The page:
New Market Disruptors Tackle Microservices Network and App Management

C. Dunlap

Summary Bullets:

  • A new breed of San Francisco startups is addressing microservices connectivity issues head-on.
  • Infrastructure and cloud providers will integrate innovative service mesh technologies into management solutions this year.

A new crop of San Francisco startups is addressing a major sticking point among enterprise app modernization projects: the need for more lightweight connectivity solutions which address those points of intersection between apps and networks. Complexities around infrastructure implementations of modern architectures have finally taken their toll on app modernization projects within enterprises, stalling critical DevOps initiatives and prompting key OSS technologies to come to the forefront along with the disruptive innovators behind them.

We’ve created a new set of Market Disruptor reports called ‘Microservices Network and App Management,’ highlighting those vendors which are building solutions alongside service mesh OSS technology like Istio and Linkerd to manage connectivity and apps and address the demands of distributed apps.

Traditional application platform providers such as Amazon, Google, and Microsoft and, more recently, infrastructure providers such as F5 and VMware are enhancing their application and infrastructure platforms to include microservices toolchains and frameworks based on various implementations of a service mesh which provide guidance and development patterns to help developers get familiar with this new approach.

As a result, I’m keeping a closer eye on pure plays such as HashiCorp, Heptio, Buoyant, and NGINX. By way of validating their importance, recent acquisition activity within this market segment includes VMware’s intent to purchase Heptio in February (please seeVMware’s New Heptio Based Kubernetes Offering Targets DIY DevOps Teams) and F5’s intent to purchase Nginx in March.

My conclusion on what makes these vendors disruptive includes the following:

  • NGINX, whose OSS web server technology is used by two-thirds of the world’s busiest websites, addresses microservices-based application environments via its Ingress Controller and service mesh innovations. Application delivery services/networking provider F5 announced its intent to acquire NGINX to help bridge traditional application infrastructure technology with modern app architectures. Ultimately, the joint offering will span from infrastructure security, application management, and app security to application delivery controllers, API management, microservices, and app servers. By combining the two companies’ portfolios, F5 and NGINX will be able to support customers’ hybrid application scenarios encompassing virtualization, monolithic, and microservices-based applications.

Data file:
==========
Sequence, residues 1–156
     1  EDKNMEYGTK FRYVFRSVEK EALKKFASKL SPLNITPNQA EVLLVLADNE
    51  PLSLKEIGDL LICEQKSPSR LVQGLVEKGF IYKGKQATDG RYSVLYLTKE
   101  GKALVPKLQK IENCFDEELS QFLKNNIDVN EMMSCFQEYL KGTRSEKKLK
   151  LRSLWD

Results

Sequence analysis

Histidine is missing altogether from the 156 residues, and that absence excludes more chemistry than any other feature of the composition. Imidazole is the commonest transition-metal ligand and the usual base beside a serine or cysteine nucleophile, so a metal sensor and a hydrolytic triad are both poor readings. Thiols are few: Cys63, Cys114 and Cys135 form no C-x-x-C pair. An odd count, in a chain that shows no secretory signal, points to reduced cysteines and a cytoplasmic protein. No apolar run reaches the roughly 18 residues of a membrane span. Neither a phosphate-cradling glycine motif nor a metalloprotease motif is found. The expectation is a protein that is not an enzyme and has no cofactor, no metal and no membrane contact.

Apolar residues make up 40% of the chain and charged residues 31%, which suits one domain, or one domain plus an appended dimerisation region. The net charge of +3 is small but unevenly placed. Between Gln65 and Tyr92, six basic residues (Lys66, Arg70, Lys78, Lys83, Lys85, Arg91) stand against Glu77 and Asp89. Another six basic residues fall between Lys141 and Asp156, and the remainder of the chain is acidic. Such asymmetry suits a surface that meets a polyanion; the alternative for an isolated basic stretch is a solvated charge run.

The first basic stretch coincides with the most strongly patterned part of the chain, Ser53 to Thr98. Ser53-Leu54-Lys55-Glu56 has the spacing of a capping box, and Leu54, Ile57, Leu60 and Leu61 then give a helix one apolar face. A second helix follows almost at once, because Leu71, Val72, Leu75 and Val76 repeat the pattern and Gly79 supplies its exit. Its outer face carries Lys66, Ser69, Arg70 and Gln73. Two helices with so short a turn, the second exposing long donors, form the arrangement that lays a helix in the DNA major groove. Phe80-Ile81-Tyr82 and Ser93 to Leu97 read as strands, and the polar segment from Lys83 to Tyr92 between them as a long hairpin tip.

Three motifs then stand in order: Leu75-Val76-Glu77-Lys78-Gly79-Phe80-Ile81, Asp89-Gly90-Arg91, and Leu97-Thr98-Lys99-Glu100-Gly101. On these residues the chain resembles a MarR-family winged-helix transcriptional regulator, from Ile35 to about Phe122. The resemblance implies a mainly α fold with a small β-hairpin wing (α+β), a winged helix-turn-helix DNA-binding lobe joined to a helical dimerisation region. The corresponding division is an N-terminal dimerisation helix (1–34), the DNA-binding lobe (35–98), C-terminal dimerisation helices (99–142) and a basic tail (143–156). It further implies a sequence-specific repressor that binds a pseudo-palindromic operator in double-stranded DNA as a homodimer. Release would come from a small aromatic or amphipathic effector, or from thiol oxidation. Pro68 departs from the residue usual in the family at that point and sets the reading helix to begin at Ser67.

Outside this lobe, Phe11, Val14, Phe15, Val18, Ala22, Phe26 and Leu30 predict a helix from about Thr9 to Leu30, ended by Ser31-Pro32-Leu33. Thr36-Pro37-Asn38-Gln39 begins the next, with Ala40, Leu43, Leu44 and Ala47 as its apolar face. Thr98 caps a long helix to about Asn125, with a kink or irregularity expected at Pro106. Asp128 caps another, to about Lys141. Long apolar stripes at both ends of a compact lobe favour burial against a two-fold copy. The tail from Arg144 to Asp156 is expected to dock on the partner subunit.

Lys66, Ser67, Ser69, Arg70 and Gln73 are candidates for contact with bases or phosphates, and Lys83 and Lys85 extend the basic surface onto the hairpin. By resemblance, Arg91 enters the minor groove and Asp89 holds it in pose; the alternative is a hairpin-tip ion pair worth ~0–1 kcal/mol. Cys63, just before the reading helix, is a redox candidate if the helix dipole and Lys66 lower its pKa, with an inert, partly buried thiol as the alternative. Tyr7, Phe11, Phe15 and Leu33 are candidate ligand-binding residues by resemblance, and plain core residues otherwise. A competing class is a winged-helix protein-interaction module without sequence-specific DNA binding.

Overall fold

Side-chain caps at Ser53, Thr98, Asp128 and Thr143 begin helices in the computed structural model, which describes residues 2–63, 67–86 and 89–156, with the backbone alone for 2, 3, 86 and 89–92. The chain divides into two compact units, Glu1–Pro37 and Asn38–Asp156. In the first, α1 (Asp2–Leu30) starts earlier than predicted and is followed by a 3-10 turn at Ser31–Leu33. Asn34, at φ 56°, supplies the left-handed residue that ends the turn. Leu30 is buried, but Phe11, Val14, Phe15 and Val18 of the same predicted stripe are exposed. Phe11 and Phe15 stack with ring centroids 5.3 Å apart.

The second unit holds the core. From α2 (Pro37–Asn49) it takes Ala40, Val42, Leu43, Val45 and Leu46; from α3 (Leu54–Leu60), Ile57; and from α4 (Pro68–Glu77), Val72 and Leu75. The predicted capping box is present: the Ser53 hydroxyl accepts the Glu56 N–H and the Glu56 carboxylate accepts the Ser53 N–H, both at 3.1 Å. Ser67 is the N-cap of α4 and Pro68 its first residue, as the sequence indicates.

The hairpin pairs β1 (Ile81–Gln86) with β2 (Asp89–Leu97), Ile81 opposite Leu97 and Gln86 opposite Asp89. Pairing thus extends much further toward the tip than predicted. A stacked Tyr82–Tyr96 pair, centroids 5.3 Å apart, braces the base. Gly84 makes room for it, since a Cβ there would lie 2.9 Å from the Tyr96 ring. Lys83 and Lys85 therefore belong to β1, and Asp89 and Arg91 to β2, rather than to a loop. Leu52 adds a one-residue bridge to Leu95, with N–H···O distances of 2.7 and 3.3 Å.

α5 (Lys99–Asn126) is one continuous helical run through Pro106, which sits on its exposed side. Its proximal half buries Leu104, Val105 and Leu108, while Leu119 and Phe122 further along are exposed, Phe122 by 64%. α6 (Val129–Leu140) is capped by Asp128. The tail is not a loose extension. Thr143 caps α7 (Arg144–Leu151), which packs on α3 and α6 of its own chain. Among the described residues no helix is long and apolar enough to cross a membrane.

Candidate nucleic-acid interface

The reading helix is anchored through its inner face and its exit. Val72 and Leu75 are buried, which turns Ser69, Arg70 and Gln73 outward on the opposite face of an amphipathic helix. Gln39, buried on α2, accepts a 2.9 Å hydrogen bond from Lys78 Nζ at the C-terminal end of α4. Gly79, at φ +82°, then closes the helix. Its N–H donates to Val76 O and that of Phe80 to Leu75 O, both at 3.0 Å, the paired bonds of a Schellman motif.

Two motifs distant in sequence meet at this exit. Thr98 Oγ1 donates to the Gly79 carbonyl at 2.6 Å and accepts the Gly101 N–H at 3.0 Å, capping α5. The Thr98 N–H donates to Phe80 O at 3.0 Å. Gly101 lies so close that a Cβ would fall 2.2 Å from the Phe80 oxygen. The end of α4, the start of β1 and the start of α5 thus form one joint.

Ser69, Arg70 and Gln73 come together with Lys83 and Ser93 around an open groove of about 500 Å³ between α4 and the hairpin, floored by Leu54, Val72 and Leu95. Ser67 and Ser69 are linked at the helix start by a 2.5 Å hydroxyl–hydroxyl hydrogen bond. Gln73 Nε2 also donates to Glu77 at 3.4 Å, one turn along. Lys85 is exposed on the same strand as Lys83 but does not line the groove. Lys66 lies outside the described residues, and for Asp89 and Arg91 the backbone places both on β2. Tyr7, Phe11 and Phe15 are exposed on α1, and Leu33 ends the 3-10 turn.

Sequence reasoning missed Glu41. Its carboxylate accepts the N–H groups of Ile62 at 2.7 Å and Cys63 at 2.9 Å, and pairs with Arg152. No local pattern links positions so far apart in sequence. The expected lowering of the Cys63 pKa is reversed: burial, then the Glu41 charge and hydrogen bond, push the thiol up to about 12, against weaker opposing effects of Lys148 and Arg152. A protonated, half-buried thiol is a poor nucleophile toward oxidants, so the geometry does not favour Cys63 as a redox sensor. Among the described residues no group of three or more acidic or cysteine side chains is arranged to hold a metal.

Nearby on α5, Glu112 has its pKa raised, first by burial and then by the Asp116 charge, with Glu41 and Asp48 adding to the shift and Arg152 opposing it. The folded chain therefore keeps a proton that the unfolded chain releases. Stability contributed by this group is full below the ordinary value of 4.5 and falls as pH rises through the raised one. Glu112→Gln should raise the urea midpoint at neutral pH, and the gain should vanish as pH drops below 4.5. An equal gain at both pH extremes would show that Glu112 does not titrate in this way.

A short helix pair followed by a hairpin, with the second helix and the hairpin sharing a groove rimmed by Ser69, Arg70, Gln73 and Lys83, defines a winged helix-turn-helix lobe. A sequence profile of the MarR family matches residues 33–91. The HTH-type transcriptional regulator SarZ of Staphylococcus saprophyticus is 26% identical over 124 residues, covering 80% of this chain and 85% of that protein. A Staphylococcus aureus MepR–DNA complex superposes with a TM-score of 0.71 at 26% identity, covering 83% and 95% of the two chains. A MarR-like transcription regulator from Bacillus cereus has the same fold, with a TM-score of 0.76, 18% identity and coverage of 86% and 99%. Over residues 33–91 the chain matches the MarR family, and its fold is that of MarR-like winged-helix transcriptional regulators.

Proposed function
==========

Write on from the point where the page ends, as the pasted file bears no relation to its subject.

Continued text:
• Heptio is being acquired by VMware for its Kubernetes expertise to help manage and orchestrate its infrastructure platform. VMware’s network virtualization and security platform, NSX, has begun addressing DevOps issues, helping guide the company’s native and multi-cloud enablement strategy. NSX Service Mesh better positions VMware to support customers’ need for a platform to ease operational management and connectivity services, simplifying container configurations, and more easily refactor monolithic apps into microservices-based apps. The technology is available as a pre-integrated component to VMware’s PKS container portfolio. Adding to its container solution set, Essential PKS (via Heptio) provides customers with a flexible upstream Kubernetes approach to microservices and service mesh.
  • HashiCorp, a cloud automation service provider, offers a number of OSS and commercial versions of infrastructure/data center to DevOps/developer technologies, including most recently a service mesh offering, Consul Connect, to help enterprises adopt microservices and containerization development/deployment methods. Its strength is in evolving enterprises’ networking, load balancing, security, and authentication technology up to the application layer while abstracting these tasks for ops teams to support microservices-based app development and multi-cloud, both of which are very complex for operations to configure and manage.
  • Buoyant aims to lower the friction to adopting a modern app development architecture which is closely tied to Kubernetes. The company is the creator and primary contributor to Linkerd, a CNCF Apache-licensed network proxy which integrates with Kubernetes container orchestration. Its strength is its lightweight and simplified approach to abstracting the infrastructure complexities, including network balancing and applying TLS encryption, around microservices implementations, helping enterprises advance modern app development projects.

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